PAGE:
Ask Savvy: How Should I Critique My Co-Worker?

Dear Savvy,

Today, my manager called me asking me to write up a report about a fellow co-worker. I had mentioned that she was having some difficulties adjusting to the workplace, that she was rude to us, and where she was getting better but that she still often isn't on task. I told her that I would, but I just sat down to write it and have no idea what to say, how to say it, etc. Any suggestions?

Savvy says: Your manager is essentially asking you to put your spoken criticism in writing. See my thoughts on this situation when you read more.

Your manager is taking your co-worker concerns seriously which means they need to be added to her employee file. It's not a test for you; it's simply your manager's job to make sure that all complaints are recorded appropriately, and it's more legitimate to have the report coming from the person that has witnessed reportable behavior.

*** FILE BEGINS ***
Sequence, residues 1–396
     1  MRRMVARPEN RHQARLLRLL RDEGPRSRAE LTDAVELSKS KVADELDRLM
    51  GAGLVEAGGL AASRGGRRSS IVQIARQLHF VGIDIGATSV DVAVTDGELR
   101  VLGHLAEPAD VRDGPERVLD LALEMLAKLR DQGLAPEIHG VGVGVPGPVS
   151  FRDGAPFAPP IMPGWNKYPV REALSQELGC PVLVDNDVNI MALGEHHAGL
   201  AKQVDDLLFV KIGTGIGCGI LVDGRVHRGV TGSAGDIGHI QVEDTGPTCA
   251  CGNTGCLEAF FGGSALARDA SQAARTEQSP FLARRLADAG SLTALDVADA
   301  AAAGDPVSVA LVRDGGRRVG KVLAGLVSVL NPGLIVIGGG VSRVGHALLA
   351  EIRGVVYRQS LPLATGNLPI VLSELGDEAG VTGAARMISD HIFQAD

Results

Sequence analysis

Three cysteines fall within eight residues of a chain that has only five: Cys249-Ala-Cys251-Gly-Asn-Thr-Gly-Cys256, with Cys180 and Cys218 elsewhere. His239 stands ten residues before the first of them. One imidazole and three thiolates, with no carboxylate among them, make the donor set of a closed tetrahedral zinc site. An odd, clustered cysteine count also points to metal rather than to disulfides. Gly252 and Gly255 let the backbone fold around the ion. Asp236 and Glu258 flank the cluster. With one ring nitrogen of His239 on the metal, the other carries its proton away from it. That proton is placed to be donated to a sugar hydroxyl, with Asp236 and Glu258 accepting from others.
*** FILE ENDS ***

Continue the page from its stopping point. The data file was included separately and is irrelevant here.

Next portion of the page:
You obviously had enough to say about the situation when you originally presented the complaints, so just expand on what you've already told the manager. You say that she's having difficulties adjusting to the workplace, so you should state that along with a deeper explanation of why you feel that way. Each judgment should be paired with a real-office observation to illustrate what's going on with your co-worker — this will keep your report sounding professional.

You don't need to go off on tangents about the co-worker, just write enough to get your point across. Also keep in mind that you don't have to include every little imperfection you've seen in the individual. It's better to focus on the big things (like the fact that she's often off-task) rather than her habit of taking an extra five minutes at lunch (or something equally minimal).

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Source: Getty
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